a day in your life

To Annie: this is what happened the day you turned 3 years and 8 months old.

At 6am, Paul goes on a crying jag that brings Dad in the room for comfort. You seize on the opportunity for a potty trip while he’s handy, then go back to sleep hard. When we push into the bedroom at 7:35, we wake you.

You head downstairs in your pajamas, climb into your chair, and consider the blueberries I have arranged into a smiley face. “Blue berries, Annie!” Paul exclaims, and you take little bites of them to show me how the insides are NOT blue, but ARE the same, berry to berry. You proceed to your banana yogurt while we make the toast.

I coax you into your dress for the day, but you DO NOT CONSENT to our pant selection. I implore your mercy. You request a different pair, and we proceed. I buckle you in the car and wave goodbye as Dad takes you to school. Until Riverside, you loudly mourn the fact you had not told me to “have a nice day.”

At school, you carry Paul’s diaper supply to his teachers, and bid him farewell. Dad drops you in the Owls with your 4th water bottle of the year. We suspect there is a ditch on the playground where you have been dumping them.

I hope you have a good day. You have become very fond of your teachers, especially Ms. Nomi, and your classmate Winnie seems to have finally replaced Isabella in your triumvirate of friends. I pick you up at 4:30 or so; you’re climbing on the playground structure and find me as I’m hugging Paul off a swing.

We obtain cracker snacks and are about to get into the car when you declare you have to go potty. We head back inside and make a shockingly efficient trip back to your classroom, where you kindly suggest the toy Paul can play with and make sure it’s back on the shelf before we go.

In the car, you remember the line of nursing students we once saw streaming down a long sidewalk—wow, was it only two months ago??—and ask where they’ve gone. You and Paul negotiate some disagreements about music volume, and I remember to appreciate how much less you two just shout over each other’s words now than you used to, when Paul had just found his voice.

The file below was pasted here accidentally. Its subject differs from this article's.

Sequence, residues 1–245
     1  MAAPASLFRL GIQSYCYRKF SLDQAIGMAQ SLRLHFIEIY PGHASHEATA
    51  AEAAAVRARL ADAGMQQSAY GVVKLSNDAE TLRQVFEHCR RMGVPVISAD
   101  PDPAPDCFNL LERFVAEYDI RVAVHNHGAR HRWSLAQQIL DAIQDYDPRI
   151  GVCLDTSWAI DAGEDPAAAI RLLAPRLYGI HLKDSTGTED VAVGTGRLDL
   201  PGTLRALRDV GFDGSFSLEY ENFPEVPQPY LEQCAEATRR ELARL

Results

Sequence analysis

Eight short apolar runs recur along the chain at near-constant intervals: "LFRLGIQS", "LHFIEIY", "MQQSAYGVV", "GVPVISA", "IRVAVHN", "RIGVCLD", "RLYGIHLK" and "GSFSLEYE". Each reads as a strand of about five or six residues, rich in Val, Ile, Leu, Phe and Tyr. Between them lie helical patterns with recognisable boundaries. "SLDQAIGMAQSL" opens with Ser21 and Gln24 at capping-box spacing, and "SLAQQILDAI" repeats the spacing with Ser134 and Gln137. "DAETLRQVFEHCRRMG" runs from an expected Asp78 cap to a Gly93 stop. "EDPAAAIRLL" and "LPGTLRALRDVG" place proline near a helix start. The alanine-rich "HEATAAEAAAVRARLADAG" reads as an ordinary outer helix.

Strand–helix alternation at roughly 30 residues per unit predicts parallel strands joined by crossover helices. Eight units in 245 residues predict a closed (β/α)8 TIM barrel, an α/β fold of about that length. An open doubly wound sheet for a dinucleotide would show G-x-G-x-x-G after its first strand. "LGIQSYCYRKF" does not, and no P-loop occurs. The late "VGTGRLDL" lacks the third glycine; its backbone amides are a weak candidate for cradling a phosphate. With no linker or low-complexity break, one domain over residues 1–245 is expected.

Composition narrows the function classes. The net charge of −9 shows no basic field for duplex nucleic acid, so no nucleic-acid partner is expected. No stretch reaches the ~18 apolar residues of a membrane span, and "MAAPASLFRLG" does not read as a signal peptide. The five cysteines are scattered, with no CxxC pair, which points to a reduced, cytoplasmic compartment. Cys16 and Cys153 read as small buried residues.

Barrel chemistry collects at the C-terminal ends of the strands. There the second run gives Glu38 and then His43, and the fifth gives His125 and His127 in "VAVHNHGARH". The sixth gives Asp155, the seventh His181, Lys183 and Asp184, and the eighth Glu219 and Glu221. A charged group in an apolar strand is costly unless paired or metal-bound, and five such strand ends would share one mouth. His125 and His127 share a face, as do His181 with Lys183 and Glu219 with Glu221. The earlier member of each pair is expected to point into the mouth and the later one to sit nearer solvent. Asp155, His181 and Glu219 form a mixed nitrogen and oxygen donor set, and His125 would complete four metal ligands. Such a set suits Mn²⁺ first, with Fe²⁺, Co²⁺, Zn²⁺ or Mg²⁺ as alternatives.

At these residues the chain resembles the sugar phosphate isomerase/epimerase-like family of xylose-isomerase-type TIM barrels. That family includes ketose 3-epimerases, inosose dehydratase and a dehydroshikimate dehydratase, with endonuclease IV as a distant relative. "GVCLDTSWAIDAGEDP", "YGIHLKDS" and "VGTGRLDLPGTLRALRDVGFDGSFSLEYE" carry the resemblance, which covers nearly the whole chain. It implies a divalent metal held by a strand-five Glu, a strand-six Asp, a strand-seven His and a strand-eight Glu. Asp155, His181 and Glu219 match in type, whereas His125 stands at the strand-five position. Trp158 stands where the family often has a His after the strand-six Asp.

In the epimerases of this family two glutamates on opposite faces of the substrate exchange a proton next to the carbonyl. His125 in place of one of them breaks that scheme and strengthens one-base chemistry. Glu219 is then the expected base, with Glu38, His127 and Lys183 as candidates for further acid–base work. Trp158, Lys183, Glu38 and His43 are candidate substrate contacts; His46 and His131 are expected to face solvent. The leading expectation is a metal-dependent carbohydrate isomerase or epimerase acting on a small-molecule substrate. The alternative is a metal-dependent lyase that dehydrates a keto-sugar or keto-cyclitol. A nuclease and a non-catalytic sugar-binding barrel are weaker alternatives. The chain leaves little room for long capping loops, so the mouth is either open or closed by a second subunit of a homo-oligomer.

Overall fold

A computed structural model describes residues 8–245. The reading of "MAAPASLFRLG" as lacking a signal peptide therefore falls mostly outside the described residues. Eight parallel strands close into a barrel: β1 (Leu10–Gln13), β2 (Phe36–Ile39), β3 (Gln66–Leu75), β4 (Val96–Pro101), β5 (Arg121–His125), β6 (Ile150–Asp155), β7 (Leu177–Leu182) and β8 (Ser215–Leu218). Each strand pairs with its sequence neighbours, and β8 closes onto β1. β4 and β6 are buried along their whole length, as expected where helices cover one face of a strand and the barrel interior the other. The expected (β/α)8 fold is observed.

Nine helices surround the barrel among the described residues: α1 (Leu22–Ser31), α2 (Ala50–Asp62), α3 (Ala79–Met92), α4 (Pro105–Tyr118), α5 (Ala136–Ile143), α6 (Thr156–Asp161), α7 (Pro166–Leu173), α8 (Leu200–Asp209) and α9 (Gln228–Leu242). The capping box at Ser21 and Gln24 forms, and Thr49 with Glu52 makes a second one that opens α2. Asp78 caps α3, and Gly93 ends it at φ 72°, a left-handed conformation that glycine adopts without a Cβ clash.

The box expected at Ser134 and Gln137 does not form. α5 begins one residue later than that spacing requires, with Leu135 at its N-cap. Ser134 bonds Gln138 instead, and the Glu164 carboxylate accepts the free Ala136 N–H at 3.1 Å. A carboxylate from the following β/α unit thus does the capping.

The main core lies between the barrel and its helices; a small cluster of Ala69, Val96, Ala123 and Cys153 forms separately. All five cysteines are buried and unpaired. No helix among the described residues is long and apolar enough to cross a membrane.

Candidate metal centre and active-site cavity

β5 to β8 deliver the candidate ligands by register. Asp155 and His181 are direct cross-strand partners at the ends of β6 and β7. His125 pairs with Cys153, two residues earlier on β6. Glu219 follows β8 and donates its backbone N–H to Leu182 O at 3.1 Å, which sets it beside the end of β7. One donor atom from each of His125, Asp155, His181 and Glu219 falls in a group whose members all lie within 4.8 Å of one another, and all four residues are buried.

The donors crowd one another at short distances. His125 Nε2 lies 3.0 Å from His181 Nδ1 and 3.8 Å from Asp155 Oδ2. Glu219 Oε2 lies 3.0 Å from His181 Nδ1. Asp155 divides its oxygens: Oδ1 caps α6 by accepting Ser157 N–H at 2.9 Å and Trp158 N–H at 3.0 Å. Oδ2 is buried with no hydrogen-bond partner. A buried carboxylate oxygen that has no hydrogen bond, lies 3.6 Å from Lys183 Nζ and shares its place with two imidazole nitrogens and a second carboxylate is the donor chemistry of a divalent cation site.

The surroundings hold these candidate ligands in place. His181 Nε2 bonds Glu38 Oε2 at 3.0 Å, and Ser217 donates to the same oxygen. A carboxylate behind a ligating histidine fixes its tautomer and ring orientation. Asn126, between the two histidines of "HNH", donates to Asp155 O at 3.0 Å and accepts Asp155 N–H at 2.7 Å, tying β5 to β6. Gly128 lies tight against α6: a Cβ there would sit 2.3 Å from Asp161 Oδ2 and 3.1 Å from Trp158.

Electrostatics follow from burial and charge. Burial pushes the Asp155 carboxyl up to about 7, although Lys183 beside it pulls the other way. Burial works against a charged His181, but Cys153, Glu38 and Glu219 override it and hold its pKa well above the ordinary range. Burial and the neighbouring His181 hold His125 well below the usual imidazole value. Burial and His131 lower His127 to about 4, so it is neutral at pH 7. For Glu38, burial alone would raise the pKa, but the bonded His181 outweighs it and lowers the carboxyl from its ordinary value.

You clamour out of the car and into the house. Dinner is not quite ready, so we sit on the couch and watch family pictures cycle through the new Google product Dad has introduced into the living room. Access to a special fork (a single, purchased foolishly when there was only one of you) causes strife, even removed from the choice set, and you and Paul both want the red plastic fork that remains. Dad pushes you to work it out, and you graciously concede and take the yellow fork instead. Peace reigns. I teach you how to pick up your pasta (don’t just stab—stick-slide-scoop). We all learn and grow.

After dinner and with clean hands, you sit on my lap at the piano where I bang out Rudolf in exactly the same halting pace my mom did. You call it “Rudolf the Red Reindeer” and have loved it since you heard it at the Capitol tree lighting a week or so ago. It’s your carol of the year, I think. (Last year’s was “Jingle bells, jingle bells, ALL the way…”)

You discover new presents under the Christmas tree. OMG. They have arrived in the mail from Debbie and Bianca, and, you correctly read your name on yours. You caress it, carry it around, play with its string, and generally risk loving the package to death two weeks before you get to open it. I extricate you from the loops you’ve used to fashion it into a backpack before you bring it straight into the tub.

We have a relatively joyful bubble bath, and you hurry into your pajamas to warm up and watch an episode of Daniel Tiger (today’s lesson: when you’re upset, you can find a way to feel better). For a bedtime book you select The Gruffalo but express regret on the way to bed for not picking the Jeanie book, which you just discovered and we read several times over the weekend.

Your last questions are in a morbid vein as you continue to grapple with death. I do my best to be honest without completely freaking you out. I think there’s a lot more of this in our future.